Evangers Dog Food Formulas

Evangers dog food comes in three different formulas. They include:

  1. Evangers Chicken with Brown Rice Dry Dog Food
  2. Evangers Pheasant & Brown Rice Dry Dog Food
  3. Evangers Whitefish and Sweet Potato

Evangers Dog Food Consumer Rating

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Comments

37 Responses to “Evanger’s Dog Food”
  1. Nan says:

    May 5, 2011
    The U.S. Food and Drug Administration sends another Warning Letter to Evanger’s, claiming that samples of two of their dog food products had been analyzed and found to be ‘adulterated’ and ‘misbranded’.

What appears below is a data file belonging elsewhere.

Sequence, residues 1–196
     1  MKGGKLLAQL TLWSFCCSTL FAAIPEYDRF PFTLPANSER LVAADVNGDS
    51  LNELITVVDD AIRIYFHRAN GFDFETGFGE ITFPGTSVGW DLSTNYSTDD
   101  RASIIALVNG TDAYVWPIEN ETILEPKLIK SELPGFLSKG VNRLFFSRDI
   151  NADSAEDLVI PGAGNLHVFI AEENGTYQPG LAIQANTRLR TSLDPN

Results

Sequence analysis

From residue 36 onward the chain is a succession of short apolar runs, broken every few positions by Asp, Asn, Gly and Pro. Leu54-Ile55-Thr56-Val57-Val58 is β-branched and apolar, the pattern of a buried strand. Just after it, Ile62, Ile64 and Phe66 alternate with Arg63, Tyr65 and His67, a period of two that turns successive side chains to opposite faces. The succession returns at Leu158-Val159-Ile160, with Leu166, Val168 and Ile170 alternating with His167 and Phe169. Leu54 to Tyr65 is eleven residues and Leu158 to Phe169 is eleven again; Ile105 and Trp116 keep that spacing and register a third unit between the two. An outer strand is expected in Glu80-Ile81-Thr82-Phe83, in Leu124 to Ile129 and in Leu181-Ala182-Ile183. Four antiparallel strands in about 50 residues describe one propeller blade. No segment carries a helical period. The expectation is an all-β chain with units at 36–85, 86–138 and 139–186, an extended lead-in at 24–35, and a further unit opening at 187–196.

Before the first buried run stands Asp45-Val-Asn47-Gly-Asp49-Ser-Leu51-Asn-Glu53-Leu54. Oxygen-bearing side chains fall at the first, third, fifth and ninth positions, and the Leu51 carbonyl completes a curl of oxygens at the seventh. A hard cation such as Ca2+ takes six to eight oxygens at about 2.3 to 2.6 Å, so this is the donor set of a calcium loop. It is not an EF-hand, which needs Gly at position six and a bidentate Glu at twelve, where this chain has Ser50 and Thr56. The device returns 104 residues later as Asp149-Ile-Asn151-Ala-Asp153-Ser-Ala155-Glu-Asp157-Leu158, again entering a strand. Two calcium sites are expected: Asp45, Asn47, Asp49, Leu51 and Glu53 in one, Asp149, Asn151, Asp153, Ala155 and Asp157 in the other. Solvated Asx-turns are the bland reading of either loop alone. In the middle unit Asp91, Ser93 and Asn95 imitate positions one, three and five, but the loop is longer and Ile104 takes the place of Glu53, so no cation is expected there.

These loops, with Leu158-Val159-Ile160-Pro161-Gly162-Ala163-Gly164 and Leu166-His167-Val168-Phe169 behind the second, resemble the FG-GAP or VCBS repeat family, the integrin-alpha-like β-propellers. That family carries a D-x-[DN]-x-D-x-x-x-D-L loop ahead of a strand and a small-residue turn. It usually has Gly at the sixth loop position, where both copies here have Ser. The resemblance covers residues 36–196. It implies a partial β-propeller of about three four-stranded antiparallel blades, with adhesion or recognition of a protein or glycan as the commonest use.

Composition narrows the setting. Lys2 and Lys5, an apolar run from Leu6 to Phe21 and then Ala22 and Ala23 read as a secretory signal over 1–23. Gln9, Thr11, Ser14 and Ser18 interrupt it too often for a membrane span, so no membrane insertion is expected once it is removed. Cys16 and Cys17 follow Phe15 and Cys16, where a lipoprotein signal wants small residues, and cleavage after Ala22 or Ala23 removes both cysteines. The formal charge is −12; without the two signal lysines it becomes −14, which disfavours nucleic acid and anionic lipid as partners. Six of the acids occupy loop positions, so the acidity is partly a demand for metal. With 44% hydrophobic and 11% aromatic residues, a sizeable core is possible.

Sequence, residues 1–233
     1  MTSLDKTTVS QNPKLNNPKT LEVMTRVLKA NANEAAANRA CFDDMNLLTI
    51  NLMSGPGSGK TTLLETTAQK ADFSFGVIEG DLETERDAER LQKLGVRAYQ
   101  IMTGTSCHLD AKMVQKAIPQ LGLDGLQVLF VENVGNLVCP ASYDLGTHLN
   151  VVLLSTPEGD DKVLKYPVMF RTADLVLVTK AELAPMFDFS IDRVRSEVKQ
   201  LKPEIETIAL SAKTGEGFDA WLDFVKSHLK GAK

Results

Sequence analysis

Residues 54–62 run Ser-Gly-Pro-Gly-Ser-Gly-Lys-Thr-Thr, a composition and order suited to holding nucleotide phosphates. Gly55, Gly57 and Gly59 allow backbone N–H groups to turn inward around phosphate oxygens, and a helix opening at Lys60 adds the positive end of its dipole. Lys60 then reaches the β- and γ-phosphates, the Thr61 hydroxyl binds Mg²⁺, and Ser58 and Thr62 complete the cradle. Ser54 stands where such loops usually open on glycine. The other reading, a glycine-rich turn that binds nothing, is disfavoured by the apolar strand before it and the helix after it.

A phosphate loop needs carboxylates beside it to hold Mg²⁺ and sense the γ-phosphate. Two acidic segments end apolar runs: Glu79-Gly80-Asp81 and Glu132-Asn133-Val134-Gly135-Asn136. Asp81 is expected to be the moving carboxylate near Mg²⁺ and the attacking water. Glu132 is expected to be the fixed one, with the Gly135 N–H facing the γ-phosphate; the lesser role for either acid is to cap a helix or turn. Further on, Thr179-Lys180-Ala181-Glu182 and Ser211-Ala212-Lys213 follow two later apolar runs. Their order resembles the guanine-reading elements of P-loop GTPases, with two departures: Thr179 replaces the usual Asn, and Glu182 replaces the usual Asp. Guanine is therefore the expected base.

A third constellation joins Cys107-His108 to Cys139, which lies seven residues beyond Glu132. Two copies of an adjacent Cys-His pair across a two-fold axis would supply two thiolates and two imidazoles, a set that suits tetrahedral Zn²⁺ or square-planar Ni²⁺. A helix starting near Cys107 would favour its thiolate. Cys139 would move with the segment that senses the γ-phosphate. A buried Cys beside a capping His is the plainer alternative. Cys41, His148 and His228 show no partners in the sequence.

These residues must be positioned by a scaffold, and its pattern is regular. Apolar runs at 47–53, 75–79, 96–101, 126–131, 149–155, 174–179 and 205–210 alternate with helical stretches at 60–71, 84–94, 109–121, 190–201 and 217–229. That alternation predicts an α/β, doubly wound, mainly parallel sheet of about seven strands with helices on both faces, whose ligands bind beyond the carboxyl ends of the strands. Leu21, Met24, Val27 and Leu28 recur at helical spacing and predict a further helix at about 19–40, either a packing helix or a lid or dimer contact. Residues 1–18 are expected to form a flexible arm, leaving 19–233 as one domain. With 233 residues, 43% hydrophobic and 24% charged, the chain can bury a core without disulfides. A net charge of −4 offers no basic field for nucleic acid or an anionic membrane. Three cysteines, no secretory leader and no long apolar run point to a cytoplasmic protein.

“From December 2, 2010 through February 10, 2011, the U.S. Food and Drug Administration (FDA) conducted an inspection of your low-acid canned food manufacturing facility located at 221 Wheeling Road, Wheeling, Illinois. In addition, on August 19, 2010, FDA received samples of (b)(4) Lamb and Rice Dog Food from the distributor, (b)(4). This letter notifies you of the violations of the Federal Food, Drug, and Cosmetic Act (the FD&C Act) that we found during our inspection and from the samples we received from the distributor. You can find the FD&C Act and its associated regulations on the Internet through links on FDA’s web page at http://www.fda.gov.